Business situation: Preliminary estimates for the first quarter 2002 - economics United States - Statistical Data Included
PRODUCTION in the United States surged in the first quarter of 2002, while final sales slowed, according to the "preliminary" estimates of the national income and product accounts (NIPA's). Real gross domestic product (GDP) increased 5.6 percent (revised) after increasing 1.7 percent in the fourth quarter of 2001 (table 1 and chart 1). Final sales of domestic product increased 2.0 percent after increasing almost twice as much. (1)
The preliminary estimate of GDP growth is 0.2 percentage point smaller than last month's "advance" estimate, and the preliminary estimate of final sales growth is 0.6 percentage point smaller. (2) Nevertheless, the advance and preliminary estimates paint pictures of the economy that are similar in many important respects. In both estimates,
* As a result of a substantial slowing in the rate of inventory liquidation, real inventory investment increased substantially and contributed more than 3.0 percentage points to the growth in real GDP (table 2). (3) In the preceding six quarters, inventory investment had subtracted from GDP growth.
* An increase in consumer spending contributed more than 2.0 percentage points to GDP growth in the first quarter. (4) Increased purchases of nondurable goods and of services more than offset decreased purchases of durable goods. In the fourth quarter, purchases of durable goods had increased very sharply, mainly on the strength of an exceptional rise in motor vehicle purchases.
* An increase in government spending contributed more than 1.0 percentage point to GDP growth. An increase in Federal Government spending was concentrated in national defense; an increase in State and local government spending was attributable both to structures and to equipment and software.
* Inventories were liquidated for the fifth consecutive quarter. The ratio of real private inventories to final sales fell from 2.16 to 2.13, a record low level. (5)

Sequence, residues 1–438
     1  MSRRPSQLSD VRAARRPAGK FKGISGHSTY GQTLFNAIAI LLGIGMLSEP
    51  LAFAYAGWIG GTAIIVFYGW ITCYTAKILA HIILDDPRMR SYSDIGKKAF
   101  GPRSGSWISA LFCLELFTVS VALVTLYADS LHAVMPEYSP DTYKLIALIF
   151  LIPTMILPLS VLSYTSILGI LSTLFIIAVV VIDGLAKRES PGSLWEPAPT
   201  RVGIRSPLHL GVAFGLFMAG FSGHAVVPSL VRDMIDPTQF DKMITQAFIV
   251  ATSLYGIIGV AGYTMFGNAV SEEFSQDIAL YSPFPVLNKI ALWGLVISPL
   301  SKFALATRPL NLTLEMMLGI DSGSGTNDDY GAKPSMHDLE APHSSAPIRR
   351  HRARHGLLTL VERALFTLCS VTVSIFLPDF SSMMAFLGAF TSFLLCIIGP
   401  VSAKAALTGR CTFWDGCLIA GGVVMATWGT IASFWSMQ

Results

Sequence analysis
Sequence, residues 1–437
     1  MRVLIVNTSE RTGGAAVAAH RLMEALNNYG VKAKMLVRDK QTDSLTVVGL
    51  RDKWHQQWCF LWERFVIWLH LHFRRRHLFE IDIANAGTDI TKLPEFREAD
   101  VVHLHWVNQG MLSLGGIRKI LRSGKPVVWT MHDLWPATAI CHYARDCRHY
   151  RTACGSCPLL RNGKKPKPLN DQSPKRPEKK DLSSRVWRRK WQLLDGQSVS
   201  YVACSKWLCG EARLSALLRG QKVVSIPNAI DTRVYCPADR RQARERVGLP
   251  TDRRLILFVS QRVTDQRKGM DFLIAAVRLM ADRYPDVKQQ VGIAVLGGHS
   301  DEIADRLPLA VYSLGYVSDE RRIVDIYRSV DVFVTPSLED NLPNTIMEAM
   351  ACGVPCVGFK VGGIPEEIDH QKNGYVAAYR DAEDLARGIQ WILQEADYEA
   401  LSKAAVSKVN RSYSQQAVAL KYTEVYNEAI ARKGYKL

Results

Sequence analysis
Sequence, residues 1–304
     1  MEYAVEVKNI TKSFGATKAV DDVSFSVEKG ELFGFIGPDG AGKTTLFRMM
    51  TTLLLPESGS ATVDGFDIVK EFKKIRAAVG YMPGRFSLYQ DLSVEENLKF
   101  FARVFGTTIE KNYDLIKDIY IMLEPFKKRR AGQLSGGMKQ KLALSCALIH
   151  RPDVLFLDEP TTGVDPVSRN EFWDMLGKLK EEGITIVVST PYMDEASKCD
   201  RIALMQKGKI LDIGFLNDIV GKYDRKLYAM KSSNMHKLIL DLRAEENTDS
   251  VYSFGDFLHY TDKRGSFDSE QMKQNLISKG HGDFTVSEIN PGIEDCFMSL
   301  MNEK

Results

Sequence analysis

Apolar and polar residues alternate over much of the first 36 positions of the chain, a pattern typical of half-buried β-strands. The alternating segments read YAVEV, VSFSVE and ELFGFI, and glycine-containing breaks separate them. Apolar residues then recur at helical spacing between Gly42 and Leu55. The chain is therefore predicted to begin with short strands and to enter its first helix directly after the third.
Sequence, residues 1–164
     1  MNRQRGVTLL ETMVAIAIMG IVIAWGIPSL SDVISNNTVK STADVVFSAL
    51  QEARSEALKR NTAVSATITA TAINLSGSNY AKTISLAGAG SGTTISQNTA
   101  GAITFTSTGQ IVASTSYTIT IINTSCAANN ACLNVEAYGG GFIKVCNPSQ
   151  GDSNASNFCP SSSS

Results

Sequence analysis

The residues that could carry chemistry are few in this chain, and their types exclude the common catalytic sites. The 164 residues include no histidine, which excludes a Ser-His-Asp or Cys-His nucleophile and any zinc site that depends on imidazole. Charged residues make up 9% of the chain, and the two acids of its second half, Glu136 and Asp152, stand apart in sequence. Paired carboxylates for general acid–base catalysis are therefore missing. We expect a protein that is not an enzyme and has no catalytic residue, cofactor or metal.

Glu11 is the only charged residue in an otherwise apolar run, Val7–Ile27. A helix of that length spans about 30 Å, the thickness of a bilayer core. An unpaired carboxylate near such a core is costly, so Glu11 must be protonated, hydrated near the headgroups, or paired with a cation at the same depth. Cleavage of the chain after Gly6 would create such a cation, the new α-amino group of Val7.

* Nonresidential fixed investment continued to decline. Structures decreased for the fourth quarter in a row, and equipment and software decreased for the sixth consecutive quarter.
* The price index for gross domestic purchases increased less than 1.0 percent for the second quarter in a row; it had decreased slightly in the third quarter of 2001.
* Real disposable personal income increased at a double-digit rate after dropping sharply, as current-dollar personal income rose while personal tax payments fell. The drop in tax payments partly reflected the introduction of a new 10-percent tax bracket (as mandated by the Economic Growth and Tax Relief and Reconciliation Act of 2001) and the indexation provisions of current tax law.
* The personal saving rate, which is measured as personal saving as a percentage of current-dollar disposable personal income, rebounded after a fall. (The national saving rate, which is measured as gross saving as a percentage of gross national product and which was unavailable at the time of the advance estimate, was unchanged at 16.6 percent.)
* Real final sales of computers decreased substantially, the third decrease in the past four quarters; real motor vehicle output continued to increase moderately (table 3).
Personal Consumption Expenditures
Real personal consumption expenditures (PCE) increased 3.2 percent in the first quarter, about half the size of its large fourth-quarter increase (table 4 and chart 2). Nondurable goods and services increased more than in the fourth quarter, but durable goods turned down.
Expenditures for nondurable goods increased 8.3 percent after increasing 2.5 percent. Food, clothing and shoes, and "other" nondurable goods increased more than in the fourth quarter. Energy goods increased after a fourth-quarter decrease.
Expenditures for services increased 3.7 percent after increasing 2.0 percent. The step-up was mainly accounted for by upturns in electricity and gas and in transportation.
Expenditures for durable goods decreased 9.6 percent after surging 39.4 percent, when consumers had responded to very favorable financing terms on new cars and trucks. Furniture and household equipment and "other" durable goods increased about as much as in the fourth quarter.